IMG_2684Not all bicycle colectivos consider themselves politically-active or get involved in political processes related to bicycle transportation. But through their creation and involvement in colectivos, urban cyclists have been gaining new recognition as a social force. Colectivos have also been seeking and earning a voice in the politics of urban mobility, most recently in a new decree project promoting bicycle parking and cyclist safety in the Bogotá city council. The current mayor, in dialogue with pro-bike activists, has integrated bike issues into his development plan, and bike activists have even been hired in key positions in the city’s mobility bureaucracy. It is the bike colectivos that are helping shape and define the emergence of a new political consciousness and “bici-activismo” here. I have been tracking the different expressions of this activism in my research.

The bici-activismo that is taking shape is set against a backdrop of a city that does not have a strong tradition of citizen activism. As one of the city’s influential alternative transportation advocates has observed, “Colombia has never been characterized for its bursting citizen participation. Like the good conservative country it is, people are fine wearing a pro-something t-shirt or donating $10 a month to Unicef and saying ‘I participate.’ As for the rest, all that was needed was a fifty year war of the FARC to produce a massive mobilization, that has never happened more than once, against this movement. For other themes, little or nothing has been seen.” It is also set against a backdrop of concern that the extensive bicycle system and gains for cyclists during the Mockus and Peñalosa mayorships in the 1990s and early-2000s have been neglected by subsequent city administrations, and that if cyclists don’t defend and promote bicycle interests the possibilities for urban bicycle use will continue to deteriorate.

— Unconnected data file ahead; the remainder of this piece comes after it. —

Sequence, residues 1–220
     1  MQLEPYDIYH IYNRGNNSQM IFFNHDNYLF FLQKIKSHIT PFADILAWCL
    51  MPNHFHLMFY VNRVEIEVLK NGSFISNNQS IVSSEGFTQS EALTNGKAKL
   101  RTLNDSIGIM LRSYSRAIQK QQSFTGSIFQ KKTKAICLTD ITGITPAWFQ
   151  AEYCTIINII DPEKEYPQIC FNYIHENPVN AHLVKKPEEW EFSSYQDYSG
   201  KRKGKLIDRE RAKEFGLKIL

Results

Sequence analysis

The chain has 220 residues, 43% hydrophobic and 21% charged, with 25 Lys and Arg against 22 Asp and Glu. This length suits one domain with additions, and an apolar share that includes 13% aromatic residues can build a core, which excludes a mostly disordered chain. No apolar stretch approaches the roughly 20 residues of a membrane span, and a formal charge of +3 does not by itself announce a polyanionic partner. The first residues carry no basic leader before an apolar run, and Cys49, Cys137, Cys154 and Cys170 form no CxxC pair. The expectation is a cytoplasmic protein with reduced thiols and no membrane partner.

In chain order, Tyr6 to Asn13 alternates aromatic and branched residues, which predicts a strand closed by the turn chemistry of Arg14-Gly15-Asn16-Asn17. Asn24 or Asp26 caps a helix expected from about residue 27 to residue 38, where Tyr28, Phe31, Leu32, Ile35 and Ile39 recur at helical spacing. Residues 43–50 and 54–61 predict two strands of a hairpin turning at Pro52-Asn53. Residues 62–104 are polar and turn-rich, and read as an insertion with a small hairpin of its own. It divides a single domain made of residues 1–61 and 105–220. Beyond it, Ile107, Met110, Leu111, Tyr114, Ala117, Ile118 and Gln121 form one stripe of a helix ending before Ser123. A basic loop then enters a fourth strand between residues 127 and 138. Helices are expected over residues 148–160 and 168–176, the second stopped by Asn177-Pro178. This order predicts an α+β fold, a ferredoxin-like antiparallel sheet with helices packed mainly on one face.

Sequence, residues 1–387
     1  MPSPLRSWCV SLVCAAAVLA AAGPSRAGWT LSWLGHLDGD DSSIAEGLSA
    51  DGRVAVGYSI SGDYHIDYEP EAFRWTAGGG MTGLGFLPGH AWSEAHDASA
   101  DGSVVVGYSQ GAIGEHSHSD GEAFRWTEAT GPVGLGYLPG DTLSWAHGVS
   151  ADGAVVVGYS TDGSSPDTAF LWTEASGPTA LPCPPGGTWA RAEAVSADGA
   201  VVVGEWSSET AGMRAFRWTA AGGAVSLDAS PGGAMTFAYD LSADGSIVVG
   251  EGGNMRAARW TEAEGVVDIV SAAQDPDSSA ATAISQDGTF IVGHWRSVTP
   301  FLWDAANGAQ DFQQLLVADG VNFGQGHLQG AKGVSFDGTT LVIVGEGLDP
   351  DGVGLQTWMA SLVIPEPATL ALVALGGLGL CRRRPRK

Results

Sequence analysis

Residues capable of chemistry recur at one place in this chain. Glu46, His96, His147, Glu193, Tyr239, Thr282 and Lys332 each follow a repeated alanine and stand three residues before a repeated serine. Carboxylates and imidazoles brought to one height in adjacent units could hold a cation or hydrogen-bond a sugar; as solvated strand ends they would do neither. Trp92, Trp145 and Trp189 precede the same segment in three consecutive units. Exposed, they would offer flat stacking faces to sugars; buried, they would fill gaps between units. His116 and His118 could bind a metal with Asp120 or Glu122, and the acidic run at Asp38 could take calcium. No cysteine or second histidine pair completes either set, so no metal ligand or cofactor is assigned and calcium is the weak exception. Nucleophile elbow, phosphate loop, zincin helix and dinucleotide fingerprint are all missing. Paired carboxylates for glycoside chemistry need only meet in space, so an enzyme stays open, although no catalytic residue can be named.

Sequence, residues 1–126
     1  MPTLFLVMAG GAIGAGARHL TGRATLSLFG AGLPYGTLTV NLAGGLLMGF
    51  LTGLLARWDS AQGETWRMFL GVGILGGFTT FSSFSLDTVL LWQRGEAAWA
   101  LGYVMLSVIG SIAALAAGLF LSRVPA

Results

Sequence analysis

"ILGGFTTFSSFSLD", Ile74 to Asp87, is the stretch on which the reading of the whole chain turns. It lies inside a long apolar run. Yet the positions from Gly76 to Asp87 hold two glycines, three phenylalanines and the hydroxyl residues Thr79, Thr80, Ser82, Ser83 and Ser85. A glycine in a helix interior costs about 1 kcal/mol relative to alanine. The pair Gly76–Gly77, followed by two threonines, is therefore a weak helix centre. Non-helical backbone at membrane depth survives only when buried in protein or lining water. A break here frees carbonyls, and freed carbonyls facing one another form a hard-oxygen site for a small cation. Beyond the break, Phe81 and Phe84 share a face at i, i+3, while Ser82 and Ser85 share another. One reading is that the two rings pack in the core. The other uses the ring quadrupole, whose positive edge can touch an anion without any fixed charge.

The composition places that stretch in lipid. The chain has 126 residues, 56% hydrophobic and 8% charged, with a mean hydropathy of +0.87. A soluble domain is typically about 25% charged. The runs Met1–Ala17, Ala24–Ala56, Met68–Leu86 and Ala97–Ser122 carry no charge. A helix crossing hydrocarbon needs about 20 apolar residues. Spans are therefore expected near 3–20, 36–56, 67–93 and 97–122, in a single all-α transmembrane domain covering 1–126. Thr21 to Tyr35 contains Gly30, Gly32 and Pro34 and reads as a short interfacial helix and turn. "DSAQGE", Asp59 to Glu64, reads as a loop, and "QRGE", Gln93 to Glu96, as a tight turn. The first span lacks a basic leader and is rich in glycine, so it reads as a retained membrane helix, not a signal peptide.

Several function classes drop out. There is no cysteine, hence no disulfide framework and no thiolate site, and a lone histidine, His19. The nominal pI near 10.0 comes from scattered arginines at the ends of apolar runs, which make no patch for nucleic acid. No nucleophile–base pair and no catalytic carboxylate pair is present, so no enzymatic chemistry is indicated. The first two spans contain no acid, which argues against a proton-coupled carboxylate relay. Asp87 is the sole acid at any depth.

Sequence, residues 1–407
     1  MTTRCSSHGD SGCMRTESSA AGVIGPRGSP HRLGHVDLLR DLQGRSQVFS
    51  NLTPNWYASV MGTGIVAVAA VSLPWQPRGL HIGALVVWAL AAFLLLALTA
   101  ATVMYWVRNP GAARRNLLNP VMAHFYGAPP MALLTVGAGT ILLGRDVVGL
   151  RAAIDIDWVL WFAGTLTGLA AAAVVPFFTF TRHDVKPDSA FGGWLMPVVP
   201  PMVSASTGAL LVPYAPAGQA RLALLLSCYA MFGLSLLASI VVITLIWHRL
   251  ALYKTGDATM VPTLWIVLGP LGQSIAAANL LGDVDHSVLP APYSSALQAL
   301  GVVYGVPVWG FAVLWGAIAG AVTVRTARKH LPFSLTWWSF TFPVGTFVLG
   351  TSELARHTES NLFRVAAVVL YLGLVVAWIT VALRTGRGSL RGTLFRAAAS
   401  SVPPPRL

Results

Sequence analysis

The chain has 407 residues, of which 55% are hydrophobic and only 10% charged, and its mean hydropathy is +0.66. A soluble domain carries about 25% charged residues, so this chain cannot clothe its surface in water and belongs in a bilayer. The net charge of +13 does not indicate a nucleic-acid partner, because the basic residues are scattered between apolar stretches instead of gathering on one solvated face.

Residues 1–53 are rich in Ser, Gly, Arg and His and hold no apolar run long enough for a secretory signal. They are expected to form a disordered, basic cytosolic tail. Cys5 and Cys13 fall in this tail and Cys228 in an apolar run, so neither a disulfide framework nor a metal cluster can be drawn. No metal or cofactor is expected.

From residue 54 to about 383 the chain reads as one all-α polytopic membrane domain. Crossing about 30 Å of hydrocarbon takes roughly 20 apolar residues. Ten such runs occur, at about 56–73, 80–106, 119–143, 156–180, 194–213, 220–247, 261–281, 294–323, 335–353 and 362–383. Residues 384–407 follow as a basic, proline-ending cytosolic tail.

IMG_2693This weekend, one modest expression of the power of the bicycle colectivos was on display, in an event that took place to celebrate the World Day of Recycling called “Reciclovía,” a combination of the word “recycling” with “cycle way.” The event was convened by a citizen environmentalist colectivo, Bogotá Basura Cero (Bogotá Zero Trash), which wanted to bring public attention to the importance of recycling. How to do that? Invite the bicycle colectivos!

Responding to the invitation which was diffused through Facebook and Twitter–the critical organizing tools of bici-activistas here–late last Saturday afternoon, dozens of bicycle colectivos convened their members and other interested cyclists at one of five gathering points throughout the city. From these points, escorted by a colectivo like Ciclo Paseo de los Miercoles or young police officers on bicycles, each group rode to the city’s central park, Parque Simón Bolívar, a trip of anywhere between three and ten miles. The group I rode with had about sixty riders when we started and gained another thirty or so as we traveled.